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A Better Partnership
October 23, 2014

MSC finds that even “black ice” can constitute an open and obvious danger

Can an invisible hazard be open and obvious? Yes, says the Michigan Supreme Court, at least where other indicia of the hazardous condition are present.  Based on weather conditions at the time of the slip-and-fall accident and the fact that four other witnesses detected the black ice shortly thereafter, the Michigan Supreme Court reversed the Court of Appeals and ordered summary disposition be entered for the defendant in Cole v. Henry Ford Health System, No. 149580. 
The plaintiff slipped on black ice and suffered injuries to his ankle while acting as a business invitee on the defendant’s property.  The defendant moved for summary judgment on the grounds that the danger was open and obvious.  In the alternative, the defendant claimed an absolute defense under MCL 600.2955a, alleging that the plaintiff was impaired due to alcohol consumption and was therefore at least 50 percent responsible for the accident.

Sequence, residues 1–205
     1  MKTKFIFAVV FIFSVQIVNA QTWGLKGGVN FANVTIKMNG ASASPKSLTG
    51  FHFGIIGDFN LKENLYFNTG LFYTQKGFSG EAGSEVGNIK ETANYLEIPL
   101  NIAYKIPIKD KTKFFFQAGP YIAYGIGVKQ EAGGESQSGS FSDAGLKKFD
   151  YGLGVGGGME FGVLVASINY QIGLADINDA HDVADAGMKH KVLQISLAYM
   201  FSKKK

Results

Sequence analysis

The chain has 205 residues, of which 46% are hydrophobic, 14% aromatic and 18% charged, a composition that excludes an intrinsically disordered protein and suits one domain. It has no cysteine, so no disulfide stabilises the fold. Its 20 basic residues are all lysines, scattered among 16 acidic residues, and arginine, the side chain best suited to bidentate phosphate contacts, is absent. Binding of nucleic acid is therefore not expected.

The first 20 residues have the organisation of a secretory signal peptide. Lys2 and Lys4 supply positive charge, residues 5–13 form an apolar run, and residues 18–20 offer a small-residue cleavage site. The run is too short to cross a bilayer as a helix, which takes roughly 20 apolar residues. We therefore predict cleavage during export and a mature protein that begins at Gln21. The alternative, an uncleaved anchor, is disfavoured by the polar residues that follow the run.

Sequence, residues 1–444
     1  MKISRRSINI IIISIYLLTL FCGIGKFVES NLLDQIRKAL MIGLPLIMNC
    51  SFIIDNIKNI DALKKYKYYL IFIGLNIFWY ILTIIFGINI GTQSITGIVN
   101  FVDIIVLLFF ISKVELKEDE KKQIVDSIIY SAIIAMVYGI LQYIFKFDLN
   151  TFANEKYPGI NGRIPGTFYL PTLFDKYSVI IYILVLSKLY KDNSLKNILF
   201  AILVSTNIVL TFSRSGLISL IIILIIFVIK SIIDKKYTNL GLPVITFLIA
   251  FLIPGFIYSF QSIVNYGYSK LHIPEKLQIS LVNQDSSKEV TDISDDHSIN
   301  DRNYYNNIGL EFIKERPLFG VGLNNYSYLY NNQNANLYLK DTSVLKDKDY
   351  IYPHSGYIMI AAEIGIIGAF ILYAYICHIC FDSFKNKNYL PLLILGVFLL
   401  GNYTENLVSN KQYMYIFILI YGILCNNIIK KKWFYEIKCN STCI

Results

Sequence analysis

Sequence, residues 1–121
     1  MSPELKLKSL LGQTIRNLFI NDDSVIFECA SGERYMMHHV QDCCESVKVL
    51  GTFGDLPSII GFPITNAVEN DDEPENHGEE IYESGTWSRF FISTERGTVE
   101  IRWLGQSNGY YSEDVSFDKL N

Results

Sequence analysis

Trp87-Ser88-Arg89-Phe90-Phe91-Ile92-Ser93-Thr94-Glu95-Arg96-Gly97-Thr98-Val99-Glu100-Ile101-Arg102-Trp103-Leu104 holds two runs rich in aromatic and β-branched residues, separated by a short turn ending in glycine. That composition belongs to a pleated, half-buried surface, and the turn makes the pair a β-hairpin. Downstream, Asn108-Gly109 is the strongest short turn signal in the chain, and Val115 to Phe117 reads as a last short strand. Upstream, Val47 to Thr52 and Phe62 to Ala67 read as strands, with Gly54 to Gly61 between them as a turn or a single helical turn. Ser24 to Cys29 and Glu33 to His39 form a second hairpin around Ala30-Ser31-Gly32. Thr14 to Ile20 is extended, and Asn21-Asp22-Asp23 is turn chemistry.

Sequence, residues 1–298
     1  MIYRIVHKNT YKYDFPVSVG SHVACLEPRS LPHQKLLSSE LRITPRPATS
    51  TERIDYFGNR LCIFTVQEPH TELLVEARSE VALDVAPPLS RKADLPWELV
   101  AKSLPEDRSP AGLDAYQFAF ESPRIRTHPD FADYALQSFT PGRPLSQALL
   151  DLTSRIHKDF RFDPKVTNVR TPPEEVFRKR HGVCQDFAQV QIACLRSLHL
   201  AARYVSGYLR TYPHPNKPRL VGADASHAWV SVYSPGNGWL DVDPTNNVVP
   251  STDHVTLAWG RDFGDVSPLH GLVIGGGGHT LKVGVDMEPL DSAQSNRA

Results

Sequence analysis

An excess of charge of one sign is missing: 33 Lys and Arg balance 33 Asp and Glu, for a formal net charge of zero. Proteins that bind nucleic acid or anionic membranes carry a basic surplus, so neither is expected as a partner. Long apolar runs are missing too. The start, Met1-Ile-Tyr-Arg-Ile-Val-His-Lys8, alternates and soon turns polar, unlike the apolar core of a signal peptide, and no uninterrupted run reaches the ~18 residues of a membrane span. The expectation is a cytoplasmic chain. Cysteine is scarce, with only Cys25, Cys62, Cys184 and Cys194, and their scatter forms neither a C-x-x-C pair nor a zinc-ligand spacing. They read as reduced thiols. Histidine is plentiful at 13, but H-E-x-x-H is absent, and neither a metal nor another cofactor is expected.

The Court of Appeals stated that there is an inherent inconsistency between black ice, which is either invisible or nearly invisible, and the open and obvious danger doctrine.  However, where there are other indicia of a potentially hazardous condition, including weather conditions at the time of the accident, ice can be considered an open and obvious danger.  The Court of Appeals thus concluded that a question of fact existed as to whether the ice was open and obvious, as well as to whether the plaintiff’s intoxication caused him to be 50 percent or more at fault, both of which precluded summary disposition. 

The Michigan Supreme Court reversed, declaring the black ice to be an open and obvious hazard and precluding the need for the Court to consider the defendant’s proposed defense under MCL 600.2955a.  Relying on factors such as weather conditions at the time of the accident and the fact that four other witnesses detected the black ice after the plaintiff’s fall, the Court held that a reasonably prudent person would foresee the danger of icy conditions on the mid-winter night the plaintiff’s accident occurred so there could be no recovery.  Accordingly, the Court reversed the Court of Appeals’ decision and ordered summary disposition be granted in favor of the defendant.

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